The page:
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According to this page, ukulele natural harmonics can be played on the 12th (octave), 9th, 7th (octave+fifth), 5th (2octaves) and 3rd frets.

Which interval is obtained at the 9th and 3rd frets?

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    At least closely related, if not dupe - 'what are the actual notes of each natural harmonic?'.
    – Tim
    Aug 19 at 7:58

2 Answers 2

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Harmonics can be played at any position where overtones have a "node", which is all integral divisions of the string. The 12th fret is at 1/2 of the string, the 7th and the 19th fret correspond to 1/3 and 2/3, The 5th fret and the 24th fret correspond to 1/4 and 3/4, slightly below 4th freth, 9th fret, 16th fret correspond to 1/5, 2/5, 3/5. 3rd corresponds to 1/6. Between 2/3, slightly under 6, slightly under 10, 15, 22 is 1/7, 2/7, 3/7, 4/7, 5/7. Slightly above 2nd fret, 8th fret, 16th fret correspond to 1/8, 3/8, 5/8. And so it goes on, but the higher you get the harder it becomes to pinpoint a node and the less energy is there, so it gets harder to get a nice harmonic.

1/2 then produces multiple of the first overtone, which is an octave. 1/3, 2/3 produce the second overtone, which is a fifth plus one octave. 1/4, 3/4 produce multiples of the third overtone, which is two octaves. 1/5, 2/5, 3/5, 4/5 produce the fourth overtone which is a (pure) major 3rd plus two octaves. 1/6, 5/6 produce the fifth overtone, which is a fifth plus two octaves, 1/7 - 6/7 produce the sixth overtone, which is a natural seventh. 1/8, 3/8, 5/8, 7/8 produce the seventh overtone, which is three octaves. And so on.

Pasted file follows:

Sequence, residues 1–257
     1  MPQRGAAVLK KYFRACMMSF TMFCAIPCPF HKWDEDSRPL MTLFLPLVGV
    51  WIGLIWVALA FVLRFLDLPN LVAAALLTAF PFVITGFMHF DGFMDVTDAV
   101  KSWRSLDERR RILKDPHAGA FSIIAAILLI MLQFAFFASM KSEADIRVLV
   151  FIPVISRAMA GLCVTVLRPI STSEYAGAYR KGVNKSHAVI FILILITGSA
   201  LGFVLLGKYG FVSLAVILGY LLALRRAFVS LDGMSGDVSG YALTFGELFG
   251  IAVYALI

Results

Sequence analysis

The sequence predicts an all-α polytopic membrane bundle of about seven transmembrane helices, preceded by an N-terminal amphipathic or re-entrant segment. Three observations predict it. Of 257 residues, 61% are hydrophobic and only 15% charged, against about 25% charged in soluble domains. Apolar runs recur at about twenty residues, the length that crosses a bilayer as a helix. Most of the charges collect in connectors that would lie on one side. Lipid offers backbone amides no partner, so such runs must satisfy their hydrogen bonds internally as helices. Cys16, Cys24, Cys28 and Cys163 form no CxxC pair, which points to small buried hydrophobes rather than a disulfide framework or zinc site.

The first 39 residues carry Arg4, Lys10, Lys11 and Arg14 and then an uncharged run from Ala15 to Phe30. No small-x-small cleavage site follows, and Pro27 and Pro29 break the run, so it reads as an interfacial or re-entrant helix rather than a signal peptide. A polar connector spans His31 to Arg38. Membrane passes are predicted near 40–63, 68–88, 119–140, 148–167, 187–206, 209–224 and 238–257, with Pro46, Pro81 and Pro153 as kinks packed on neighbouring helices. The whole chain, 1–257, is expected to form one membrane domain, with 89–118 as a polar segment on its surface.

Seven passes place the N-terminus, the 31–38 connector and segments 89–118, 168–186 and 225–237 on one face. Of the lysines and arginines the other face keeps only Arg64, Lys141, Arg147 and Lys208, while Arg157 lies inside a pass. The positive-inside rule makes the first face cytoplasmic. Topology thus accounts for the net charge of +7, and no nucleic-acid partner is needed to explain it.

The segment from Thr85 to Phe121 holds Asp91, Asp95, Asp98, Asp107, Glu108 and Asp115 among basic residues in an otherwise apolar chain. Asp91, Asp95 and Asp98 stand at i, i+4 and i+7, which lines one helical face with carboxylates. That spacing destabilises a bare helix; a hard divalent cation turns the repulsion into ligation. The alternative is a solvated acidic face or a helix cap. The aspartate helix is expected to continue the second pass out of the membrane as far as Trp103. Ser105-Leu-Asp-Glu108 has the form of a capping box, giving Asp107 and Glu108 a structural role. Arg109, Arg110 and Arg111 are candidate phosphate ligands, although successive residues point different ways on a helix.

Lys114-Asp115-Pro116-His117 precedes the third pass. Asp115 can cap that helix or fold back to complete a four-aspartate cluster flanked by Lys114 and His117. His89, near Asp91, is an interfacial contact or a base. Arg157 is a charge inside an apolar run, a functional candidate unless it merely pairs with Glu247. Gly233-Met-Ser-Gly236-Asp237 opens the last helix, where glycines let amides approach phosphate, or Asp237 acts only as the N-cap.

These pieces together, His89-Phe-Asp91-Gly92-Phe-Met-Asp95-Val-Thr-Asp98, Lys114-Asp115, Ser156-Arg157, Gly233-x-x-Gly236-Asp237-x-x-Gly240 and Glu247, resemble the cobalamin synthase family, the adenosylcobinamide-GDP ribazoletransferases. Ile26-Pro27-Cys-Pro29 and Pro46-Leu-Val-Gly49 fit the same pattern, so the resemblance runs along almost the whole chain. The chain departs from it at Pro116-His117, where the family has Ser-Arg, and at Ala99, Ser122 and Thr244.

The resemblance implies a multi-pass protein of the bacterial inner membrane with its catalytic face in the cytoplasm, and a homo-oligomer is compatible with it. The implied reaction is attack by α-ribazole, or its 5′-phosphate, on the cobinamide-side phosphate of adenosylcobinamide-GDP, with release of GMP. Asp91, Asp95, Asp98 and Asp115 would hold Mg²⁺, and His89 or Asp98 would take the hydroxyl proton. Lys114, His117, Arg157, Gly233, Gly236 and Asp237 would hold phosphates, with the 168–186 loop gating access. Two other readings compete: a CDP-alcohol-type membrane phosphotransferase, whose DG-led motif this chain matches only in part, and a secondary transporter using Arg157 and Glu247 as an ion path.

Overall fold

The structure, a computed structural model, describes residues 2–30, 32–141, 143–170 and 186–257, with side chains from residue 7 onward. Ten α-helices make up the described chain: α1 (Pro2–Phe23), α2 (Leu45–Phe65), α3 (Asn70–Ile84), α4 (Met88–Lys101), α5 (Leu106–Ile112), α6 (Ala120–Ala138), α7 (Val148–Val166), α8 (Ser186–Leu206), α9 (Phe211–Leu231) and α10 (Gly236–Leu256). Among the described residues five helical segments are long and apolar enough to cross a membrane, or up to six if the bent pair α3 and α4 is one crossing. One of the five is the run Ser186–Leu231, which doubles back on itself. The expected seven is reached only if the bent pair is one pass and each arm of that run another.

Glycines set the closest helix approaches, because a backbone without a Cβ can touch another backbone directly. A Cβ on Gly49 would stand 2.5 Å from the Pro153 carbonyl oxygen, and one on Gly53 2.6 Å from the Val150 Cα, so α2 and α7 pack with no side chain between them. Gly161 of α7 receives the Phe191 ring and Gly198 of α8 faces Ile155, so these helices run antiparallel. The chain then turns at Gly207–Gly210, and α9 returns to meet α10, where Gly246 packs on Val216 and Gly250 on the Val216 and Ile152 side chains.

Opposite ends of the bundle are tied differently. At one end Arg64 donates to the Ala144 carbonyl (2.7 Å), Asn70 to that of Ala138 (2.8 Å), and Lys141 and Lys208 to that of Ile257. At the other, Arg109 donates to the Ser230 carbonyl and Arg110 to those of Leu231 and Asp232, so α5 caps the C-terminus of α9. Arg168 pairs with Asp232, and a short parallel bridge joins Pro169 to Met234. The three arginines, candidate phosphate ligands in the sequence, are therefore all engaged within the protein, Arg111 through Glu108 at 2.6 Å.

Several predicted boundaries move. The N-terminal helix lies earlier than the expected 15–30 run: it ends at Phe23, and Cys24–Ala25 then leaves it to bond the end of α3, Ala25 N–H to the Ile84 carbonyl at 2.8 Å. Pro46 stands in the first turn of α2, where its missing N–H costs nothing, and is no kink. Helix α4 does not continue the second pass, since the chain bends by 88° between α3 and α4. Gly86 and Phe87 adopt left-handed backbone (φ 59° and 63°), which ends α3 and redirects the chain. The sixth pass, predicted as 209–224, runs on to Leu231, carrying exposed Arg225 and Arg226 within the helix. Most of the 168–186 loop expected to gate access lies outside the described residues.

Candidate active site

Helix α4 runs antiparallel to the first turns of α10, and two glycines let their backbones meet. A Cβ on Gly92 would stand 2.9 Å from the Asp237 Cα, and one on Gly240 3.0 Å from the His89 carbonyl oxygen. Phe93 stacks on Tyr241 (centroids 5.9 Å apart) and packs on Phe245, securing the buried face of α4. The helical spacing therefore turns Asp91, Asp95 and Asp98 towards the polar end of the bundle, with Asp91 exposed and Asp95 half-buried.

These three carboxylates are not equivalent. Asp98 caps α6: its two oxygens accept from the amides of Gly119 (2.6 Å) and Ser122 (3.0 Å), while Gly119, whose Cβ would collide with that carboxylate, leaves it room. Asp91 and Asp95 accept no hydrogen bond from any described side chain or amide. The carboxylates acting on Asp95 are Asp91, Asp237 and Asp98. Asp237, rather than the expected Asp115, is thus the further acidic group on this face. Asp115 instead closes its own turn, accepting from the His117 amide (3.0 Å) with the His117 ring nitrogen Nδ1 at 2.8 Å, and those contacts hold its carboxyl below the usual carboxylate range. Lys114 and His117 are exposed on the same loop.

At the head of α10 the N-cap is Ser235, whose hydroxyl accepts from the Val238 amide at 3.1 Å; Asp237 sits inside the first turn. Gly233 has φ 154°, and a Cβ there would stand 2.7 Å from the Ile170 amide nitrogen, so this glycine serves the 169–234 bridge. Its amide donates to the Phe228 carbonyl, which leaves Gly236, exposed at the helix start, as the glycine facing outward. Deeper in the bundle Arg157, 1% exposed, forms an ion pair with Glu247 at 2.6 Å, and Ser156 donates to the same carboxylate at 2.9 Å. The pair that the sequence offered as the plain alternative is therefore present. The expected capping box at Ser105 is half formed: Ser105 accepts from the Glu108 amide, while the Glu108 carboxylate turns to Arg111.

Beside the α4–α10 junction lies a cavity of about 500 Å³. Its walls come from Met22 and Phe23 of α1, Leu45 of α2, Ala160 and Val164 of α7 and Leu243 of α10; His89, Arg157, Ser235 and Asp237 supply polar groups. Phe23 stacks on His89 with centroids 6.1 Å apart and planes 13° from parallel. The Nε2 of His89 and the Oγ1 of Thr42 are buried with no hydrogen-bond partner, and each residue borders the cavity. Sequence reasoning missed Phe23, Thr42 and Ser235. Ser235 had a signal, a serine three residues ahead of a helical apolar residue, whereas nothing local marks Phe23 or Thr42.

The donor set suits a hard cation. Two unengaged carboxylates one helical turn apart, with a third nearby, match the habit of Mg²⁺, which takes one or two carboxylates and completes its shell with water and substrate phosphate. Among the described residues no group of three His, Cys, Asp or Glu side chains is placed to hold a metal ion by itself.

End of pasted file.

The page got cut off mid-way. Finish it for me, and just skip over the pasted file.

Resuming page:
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    Worth mentioning that the fundamental note (open string) is often referred to as the first harmonic. Confusing..?
    – Tim
    Aug 19 at 7:42
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    @Tim Replaced harmonic with the clearer overtone.
    – Lazy
    Aug 19 at 7:52
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    "integral divisions" - do you mean integer?
    – Vegard
    Aug 19 at 13:07
  • When you changed "harmonic" to "overtone," you didn't change all the ordinal numbers, which are smaller by one for overtones than harmonics, because the fundamental is the first harmonic, but the octave is the first overtone. The fifth above that is the second overtone, not the third. Two octaves is the third overtone. The third above that is the fourth overtone. And so on.
    – phoog
    Aug 20 at 23:08
  • @phoog True, have corrected it.
    – Lazy
    Aug 21 at 10:53
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The 3rd fret is two octaves plus a fifth.
(see https://liveukulele.com/lessons/techniques/harmonics/#natural)

The 9th fret is two octaves plus a major third.
(see https://fretsource-guitar.weebly.com/natural-harmonics-map.html. Although the source regards guitar, it will be the same for ukulele.)

As a supplement, the Wikipedia page regarding the harmonic series may be of interest.

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